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Virginia Overton at Ausstellungsraum Klingental

The title of the exhibition within the horizon of the object is borrowed from a comprehensive 1999 show of the photographic work of Jean Baudrillard. The French theorist's obsession with things and their absence, reality and its disappearance into illusion, set the stage for much of the appropriation art of the 1980s, which is today acknowledged as one celebrated mode in contemporary artistic practice.
within the horizon of the object brings together five very different artistic positions, within which the various artists not only confront themselves with the object, found or self-made, but explore the formal language and the suggestive quality that an object projects within its requisite space. Thus the participating artists apply new rules to an object in relation to its surroundings. The title of the exhibition also mirrors this transition: the distortion and attempt to redefine the object after the space it occupies. Or is it vice versa? This question begs to be studied through the looking glass of scenography, architecture and theory. The five artists each uniquely examine the role of the spectator, the object and the reading of the object. They proceed with a sensibility that always questions the overall concept of room and space without necessarily putting them at the center of our attention.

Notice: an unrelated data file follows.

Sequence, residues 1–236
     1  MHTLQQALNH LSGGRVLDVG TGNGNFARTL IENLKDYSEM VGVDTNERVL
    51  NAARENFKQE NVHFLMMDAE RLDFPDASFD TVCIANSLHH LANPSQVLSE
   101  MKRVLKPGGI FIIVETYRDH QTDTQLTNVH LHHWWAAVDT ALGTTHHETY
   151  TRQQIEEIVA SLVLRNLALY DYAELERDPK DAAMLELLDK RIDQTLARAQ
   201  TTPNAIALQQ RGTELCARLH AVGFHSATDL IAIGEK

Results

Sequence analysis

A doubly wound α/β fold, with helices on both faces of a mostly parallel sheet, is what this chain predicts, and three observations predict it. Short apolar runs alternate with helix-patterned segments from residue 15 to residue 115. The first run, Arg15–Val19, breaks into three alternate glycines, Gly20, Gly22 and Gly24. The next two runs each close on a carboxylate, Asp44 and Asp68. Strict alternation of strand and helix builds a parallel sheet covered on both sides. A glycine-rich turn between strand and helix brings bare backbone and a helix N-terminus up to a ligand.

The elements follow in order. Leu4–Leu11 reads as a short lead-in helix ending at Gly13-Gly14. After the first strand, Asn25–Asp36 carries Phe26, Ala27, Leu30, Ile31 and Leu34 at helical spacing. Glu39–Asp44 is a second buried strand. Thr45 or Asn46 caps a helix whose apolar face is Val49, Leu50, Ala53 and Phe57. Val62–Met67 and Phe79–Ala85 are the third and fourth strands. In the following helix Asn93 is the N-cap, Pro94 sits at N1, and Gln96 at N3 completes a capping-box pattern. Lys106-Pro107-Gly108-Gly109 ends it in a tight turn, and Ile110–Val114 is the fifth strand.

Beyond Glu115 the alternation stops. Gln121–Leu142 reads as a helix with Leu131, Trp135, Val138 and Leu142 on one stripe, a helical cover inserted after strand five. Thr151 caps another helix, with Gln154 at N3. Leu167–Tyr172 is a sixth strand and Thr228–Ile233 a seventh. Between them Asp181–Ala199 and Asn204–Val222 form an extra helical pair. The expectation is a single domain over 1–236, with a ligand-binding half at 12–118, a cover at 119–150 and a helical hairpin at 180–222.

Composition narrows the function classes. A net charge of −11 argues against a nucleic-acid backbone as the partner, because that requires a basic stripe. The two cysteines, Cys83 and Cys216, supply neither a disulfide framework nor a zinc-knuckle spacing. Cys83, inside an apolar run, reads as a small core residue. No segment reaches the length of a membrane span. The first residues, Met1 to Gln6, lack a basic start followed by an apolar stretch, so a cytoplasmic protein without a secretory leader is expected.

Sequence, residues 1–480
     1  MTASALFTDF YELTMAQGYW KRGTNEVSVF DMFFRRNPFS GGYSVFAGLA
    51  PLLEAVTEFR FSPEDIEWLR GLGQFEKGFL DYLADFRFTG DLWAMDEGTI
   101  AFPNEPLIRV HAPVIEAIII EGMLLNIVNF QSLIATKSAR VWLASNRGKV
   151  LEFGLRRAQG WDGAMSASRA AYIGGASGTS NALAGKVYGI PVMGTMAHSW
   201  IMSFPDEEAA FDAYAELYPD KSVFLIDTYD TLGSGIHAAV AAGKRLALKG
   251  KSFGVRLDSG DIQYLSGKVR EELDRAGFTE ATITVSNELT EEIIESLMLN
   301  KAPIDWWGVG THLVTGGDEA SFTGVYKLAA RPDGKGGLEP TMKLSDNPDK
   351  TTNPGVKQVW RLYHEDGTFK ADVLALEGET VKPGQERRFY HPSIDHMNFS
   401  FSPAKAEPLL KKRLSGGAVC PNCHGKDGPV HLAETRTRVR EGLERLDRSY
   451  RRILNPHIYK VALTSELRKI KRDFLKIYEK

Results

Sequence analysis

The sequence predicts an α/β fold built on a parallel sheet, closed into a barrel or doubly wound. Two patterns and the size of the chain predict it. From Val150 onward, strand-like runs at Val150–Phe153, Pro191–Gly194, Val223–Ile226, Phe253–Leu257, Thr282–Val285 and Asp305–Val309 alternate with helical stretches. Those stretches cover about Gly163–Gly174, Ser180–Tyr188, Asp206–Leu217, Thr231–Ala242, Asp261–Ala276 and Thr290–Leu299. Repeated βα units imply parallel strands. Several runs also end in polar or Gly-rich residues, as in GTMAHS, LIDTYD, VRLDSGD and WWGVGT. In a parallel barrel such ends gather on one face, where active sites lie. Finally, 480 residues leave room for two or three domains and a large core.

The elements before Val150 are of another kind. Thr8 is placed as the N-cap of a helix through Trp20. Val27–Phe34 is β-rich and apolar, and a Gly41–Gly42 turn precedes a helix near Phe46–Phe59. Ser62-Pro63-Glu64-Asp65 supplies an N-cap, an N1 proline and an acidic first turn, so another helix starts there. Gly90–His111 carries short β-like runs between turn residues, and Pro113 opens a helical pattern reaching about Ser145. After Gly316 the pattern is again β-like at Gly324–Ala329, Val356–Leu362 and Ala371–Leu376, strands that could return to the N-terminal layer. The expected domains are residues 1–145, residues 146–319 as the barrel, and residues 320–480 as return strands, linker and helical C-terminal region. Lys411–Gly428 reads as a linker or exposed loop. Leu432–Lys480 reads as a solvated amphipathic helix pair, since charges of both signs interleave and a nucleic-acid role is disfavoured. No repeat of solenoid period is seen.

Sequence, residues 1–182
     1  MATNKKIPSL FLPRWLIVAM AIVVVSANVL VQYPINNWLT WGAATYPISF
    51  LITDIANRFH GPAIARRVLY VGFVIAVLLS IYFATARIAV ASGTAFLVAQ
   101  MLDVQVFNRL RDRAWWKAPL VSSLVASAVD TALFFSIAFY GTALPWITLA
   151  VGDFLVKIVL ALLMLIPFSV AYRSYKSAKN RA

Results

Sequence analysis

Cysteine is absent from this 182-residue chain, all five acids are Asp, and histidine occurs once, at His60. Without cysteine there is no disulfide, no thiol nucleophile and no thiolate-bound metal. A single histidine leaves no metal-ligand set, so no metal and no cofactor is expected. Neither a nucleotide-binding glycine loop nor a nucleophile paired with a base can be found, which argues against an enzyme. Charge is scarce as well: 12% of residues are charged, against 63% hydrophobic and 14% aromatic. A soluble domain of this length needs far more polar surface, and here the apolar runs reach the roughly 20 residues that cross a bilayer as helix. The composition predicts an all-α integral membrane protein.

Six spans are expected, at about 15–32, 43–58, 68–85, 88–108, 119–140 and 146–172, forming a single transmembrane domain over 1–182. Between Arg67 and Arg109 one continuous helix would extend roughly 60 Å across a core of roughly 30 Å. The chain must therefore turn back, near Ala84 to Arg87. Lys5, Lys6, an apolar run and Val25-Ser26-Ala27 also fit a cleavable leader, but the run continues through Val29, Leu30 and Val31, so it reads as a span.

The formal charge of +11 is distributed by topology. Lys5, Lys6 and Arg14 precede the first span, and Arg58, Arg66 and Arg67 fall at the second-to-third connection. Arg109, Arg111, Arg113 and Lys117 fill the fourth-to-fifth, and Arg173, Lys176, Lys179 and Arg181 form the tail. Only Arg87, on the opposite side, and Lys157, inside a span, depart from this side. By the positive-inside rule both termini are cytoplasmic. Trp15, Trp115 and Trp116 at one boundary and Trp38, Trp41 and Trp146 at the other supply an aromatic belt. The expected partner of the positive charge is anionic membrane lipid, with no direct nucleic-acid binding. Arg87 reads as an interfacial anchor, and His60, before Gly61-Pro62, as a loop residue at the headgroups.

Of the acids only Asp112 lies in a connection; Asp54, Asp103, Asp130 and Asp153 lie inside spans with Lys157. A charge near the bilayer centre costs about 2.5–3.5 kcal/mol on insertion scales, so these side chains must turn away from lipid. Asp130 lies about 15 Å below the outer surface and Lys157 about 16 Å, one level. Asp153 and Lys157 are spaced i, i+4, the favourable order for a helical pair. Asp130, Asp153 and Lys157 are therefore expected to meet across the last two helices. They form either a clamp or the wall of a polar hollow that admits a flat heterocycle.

For the exhibition, Emilie Ding (CH), Viktor Korol (CH), Virginia Overton (US), Mandla Reuter (DE) and Adam Thompson (GB) were specifically asked to interact with the space of the Ausstellungsraum Klingental. They might make use of elements in the building or its surroundings, they may create architectural interventions or minor shifts in structures or focus on an altogether different aspect that lays beyond the local context. The public is invited to observe five disparate working methods, though they all share and exploit a greater notion and common area of felt space while applying a diverse set of tactics of presentation. Of humorist, romantic, pragmatic or symbolic nature, the works' site-specificity provoke the spectator's consciousness and beg our minds to see beyond the objects’ functionality, materiality and potential. They create new narratives and thus translate into a fresh set of symbolic and referential qualities inherent to the work.